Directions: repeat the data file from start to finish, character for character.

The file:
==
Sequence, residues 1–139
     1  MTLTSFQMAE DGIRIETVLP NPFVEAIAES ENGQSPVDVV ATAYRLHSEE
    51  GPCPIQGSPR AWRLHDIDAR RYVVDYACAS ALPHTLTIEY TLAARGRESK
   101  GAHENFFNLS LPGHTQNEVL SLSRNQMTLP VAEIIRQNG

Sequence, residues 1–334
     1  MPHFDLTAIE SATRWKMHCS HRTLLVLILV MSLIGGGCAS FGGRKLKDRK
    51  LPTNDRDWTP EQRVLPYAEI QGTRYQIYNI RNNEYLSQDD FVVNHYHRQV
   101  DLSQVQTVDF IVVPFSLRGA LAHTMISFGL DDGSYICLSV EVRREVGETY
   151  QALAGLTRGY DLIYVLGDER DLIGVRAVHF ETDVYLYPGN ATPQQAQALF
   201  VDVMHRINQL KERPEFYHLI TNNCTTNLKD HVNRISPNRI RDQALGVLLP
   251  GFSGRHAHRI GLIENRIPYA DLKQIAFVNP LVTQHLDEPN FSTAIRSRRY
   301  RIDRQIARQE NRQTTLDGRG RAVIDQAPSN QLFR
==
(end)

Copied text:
Sequence, residues 1–139
     1  MTLTSFQMAE DGIRIETVLP NPFVEAIAES ENGQSPVDVV ATAYRLHSEE
    51  GPCPIQGSPR AWRLHDIDAR RYVVDYACAS ALPHTLTIEY TLAARGRESK
   101  GAHENFFNLS LPGHTQNEVL SLSRNQMTLP VAEIIRQNG

Sequence, residues 1–334
     1  MPHFDLTAIE SATRWKMHCS HRTLLVLILV MSLIGGGCAS FGGRKLKDRK
    51  LPTNDRDWTP EQRVLPYAEI QGTRYQIYNI RNNEYLSQDD FVVNHYHRQV
   101  DLSQVQTVDF IVVPFSLRGA LAHTMISFGL DDGSYICLSV EVRREVGETY
   151  QALAGLTRGY DLIYVLGDER DLIGVRAVHF ETDVYLYPGN ATPQQAQALF
   201  VDVMHRINQL KERPEFYHLI TNNCTTNLKD HVNRISPNRI RDQALGVLLP
   251  GFSGRHAHRI GLIENRIPYA DLKQIAFVNP LVTQHLDEPN FSTAIRSRRY
   301  RIDRQIARQE NRQTTLDGRG RAVIDQAPSN QLFR